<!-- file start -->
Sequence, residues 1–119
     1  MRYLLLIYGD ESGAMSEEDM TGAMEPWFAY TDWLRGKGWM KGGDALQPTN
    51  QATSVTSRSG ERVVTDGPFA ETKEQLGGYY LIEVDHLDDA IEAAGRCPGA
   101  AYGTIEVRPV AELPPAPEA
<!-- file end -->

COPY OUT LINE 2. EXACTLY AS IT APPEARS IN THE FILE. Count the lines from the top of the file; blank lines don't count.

     1  MRYLLLIYGD ESGAMSEEDM TGAMEPWFAY TDWLRGKGWM KGGDALQPTN